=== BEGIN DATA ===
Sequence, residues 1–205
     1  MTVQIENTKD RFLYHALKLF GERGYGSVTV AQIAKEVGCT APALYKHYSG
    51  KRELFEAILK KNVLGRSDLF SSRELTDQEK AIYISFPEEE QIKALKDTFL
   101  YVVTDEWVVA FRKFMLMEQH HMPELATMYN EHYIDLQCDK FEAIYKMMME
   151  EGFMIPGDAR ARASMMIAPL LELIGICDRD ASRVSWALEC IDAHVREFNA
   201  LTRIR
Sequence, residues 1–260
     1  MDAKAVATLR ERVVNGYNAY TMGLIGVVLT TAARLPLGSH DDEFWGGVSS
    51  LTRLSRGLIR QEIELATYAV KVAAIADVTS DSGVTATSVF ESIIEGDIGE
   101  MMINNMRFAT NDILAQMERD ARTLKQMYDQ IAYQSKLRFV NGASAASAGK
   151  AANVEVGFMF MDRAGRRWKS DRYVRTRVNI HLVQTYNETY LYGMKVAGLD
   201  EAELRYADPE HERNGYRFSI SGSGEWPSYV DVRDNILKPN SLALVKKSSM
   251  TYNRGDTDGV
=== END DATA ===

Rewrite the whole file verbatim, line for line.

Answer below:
Sequence, residues 1–205
     1  MTVQIENTKD RFLYHALKLF GERGYGSVTV AQIAKEVGCT APALYKHYSG
    51  KRELFEAILK KNVLGRSDLF SSRELTDQEK AIYISFPEEE QIKALKDTFL
   101  YVVTDEWVVA FRKFMLMEQH HMPELATMYN EHYIDLQCDK FEAIYKMMME
   151  EGFMIPGDAR ARASMMIAPL LELIGICDRD ASRVSWALEC IDAHVREFNA
   201  LTRIR
Sequence, residues 1–260
     1  MDAKAVATLR ERVVNGYNAY TMGLIGVVLT TAARLPLGSH DDEFWGGVSS
    51  LTRLSRGLIR QEIELATYAV KVAAIADVTS DSGVTATSVF ESIIEGDIGE
   101  MMINNMRFAT NDILAQMERD ARTLKQMYDQ IAYQSKLRFV NGASAASAGK
   151  AANVEVGFMF MDRAGRRWKS DRYVRTRVNI HLVQTYNETY LYGMKVAGLD
   201  EAELRYADPE HERNGYRFSI SGSGEWPSYV DVRDNILKPN SLALVKKSSM
   251  TYNRGDTDGV